Ride report for April 10-11 2010
I decided a couple months ago I had to try out this BLM road I heard about that was paved and was 70 miles of going through the middle of nowhere. The route is here: http://maps.google.com/maps/ms?ie=UT…ff09fc&t=h&z=7
I hadn’t planned on taking a bike that I had only bought one week before on such a trip, but the Concours ZG1000 begged me to buy it and in the week before the trip I had not only bought it but sold my trusty old Honda CB450T. This added a level of uncertainty to the trip that brought about new levels of excitement, and not in the best way.
We started off with breakfast at Genie’s in Portland and then headed down the back roads to below Eugene on 99W going south. Traffic was hell going out of town and it felt really good to get past McMinnville where actual miles could be put down. Right around parallel with Eugene on 99W we had a quick debate of where we were headed, a studying of maps and GPS and headed on our way. Well, the GPS sent us somewhere odd that wasn’t on the Google Maps printout and we used a physical map to get us on track to Crow, OR. After getting onto the roads that lead to BLM road 36 the roads got tighter, corners deliciously twisty and I had to get used to my heavy new bike in a hurry. We kept a good pace into the forested hills.
Shortly after passing a forest prison work camp (who would have known?) we came to a wood carved and painted map that didn’t seem to agree with anything I had printed out from Google Maps. After using a trusty folded map and comparing it with a GPS we took a left and proceeded up the amazingly twisty road to the summit there. This BLM did tend to keep you on your toes, perhaps doubly so in spring. There were a couple times we came around the corner to find a partially covered road with a fallen tree or a landslide. There was also a fair amount of moss growing on the road and I was certainly glad that it wasn’t raining for that part of the trip.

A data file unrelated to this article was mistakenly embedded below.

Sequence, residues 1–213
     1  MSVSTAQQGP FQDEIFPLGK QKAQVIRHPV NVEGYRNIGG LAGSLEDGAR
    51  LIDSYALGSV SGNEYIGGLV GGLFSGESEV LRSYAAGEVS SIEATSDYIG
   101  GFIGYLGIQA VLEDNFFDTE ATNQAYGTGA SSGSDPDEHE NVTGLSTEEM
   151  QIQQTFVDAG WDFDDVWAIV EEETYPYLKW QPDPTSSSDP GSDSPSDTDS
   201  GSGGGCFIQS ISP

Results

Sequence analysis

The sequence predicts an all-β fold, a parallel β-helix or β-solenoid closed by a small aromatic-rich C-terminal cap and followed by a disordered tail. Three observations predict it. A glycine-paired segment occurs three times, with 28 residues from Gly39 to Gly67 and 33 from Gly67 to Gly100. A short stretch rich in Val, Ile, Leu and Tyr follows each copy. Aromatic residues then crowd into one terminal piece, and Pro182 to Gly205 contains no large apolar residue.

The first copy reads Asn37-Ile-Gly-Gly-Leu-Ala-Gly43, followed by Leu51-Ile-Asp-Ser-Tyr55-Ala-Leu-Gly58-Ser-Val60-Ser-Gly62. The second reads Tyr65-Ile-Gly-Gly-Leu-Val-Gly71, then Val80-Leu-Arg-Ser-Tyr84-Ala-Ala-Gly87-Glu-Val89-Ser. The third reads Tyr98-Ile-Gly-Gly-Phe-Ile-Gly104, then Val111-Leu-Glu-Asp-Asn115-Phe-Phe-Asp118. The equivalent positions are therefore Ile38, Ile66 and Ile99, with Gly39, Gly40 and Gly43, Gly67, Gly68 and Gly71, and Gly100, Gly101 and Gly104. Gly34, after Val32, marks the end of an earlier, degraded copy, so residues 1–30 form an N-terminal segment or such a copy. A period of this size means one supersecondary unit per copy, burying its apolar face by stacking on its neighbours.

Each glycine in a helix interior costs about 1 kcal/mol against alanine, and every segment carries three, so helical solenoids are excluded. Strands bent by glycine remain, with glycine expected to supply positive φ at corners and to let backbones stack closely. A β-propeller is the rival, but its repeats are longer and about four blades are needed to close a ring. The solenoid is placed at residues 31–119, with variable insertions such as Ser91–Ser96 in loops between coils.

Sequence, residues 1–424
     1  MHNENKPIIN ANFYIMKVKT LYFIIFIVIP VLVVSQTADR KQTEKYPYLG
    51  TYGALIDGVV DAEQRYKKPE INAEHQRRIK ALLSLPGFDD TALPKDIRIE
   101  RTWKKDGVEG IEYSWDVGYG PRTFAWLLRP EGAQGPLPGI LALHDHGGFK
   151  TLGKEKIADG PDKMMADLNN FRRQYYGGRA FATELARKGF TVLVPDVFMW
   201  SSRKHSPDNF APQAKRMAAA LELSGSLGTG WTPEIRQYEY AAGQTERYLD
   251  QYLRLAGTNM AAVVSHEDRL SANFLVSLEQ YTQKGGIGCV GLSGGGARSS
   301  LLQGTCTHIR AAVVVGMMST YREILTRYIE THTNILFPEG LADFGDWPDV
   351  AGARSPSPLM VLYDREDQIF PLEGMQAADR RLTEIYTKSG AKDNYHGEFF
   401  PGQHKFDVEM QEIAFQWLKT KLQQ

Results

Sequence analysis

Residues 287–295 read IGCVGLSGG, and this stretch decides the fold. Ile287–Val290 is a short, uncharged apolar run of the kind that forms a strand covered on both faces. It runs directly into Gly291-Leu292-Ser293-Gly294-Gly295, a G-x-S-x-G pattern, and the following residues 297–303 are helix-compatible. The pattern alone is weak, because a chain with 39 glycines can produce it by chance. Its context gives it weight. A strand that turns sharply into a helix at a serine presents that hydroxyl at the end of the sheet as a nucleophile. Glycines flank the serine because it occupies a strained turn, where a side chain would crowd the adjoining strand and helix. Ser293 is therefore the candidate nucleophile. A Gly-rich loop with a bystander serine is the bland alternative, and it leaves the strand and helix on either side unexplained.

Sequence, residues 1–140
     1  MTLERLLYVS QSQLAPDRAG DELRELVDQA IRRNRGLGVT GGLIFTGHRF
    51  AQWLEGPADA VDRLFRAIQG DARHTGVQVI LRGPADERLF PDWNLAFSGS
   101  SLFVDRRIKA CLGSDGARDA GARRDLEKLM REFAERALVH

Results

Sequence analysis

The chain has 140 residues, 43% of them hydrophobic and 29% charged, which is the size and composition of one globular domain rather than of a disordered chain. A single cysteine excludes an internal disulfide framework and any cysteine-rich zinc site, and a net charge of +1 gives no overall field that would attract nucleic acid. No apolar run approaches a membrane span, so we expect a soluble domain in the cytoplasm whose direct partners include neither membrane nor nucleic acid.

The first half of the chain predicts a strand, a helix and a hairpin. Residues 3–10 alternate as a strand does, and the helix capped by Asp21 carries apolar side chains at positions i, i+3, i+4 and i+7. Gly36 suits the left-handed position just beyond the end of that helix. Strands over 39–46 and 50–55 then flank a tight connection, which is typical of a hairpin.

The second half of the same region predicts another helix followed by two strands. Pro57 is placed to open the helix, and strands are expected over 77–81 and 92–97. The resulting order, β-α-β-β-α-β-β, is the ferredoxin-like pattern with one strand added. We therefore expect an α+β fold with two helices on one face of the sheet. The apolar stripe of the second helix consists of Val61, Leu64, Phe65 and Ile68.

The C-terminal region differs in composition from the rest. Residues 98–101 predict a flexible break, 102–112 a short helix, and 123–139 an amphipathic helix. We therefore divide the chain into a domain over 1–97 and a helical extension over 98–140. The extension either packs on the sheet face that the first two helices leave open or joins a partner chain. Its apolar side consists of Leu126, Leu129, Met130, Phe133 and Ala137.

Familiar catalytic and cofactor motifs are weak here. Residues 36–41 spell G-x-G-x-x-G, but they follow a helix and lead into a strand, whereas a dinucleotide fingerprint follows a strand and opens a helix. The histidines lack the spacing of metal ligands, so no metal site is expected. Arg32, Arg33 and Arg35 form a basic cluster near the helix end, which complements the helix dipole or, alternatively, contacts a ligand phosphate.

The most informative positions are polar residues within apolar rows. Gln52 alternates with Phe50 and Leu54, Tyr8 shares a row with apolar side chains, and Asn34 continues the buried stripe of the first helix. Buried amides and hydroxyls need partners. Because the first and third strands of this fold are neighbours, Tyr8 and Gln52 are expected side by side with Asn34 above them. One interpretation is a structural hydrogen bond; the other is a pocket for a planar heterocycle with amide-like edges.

We made it up and over the summit without incident. Where the ground leveled out again (about half way along the route, 35 miles or so from any town) we made a quick stop for some pictures and for the two people riding BMW GS bikes to romp on a muddy road. After starting up again we came around a corner to find a guy in full black leathers wrestling with a red Suzuki Intruder that had a stuck throttle. We stopped to see if he needed help, checked out the situation and found that the throttle grip appeared to be partially broken and wouldn’t return to idle correctly. I hacked together a fix with a broccoli rubber band that I had randomly brought attached to his throttle plate and he was able to have it return to idle again after a revving. He seemed anxious to go (never even caught his name), and wanted to go the opposite direction we were headed. He asked what he owed us, I said how about a handshake and wished he had a safe travel back and he rode off. I really hope he was able to limp that bike back the 35+ miles to Eugene.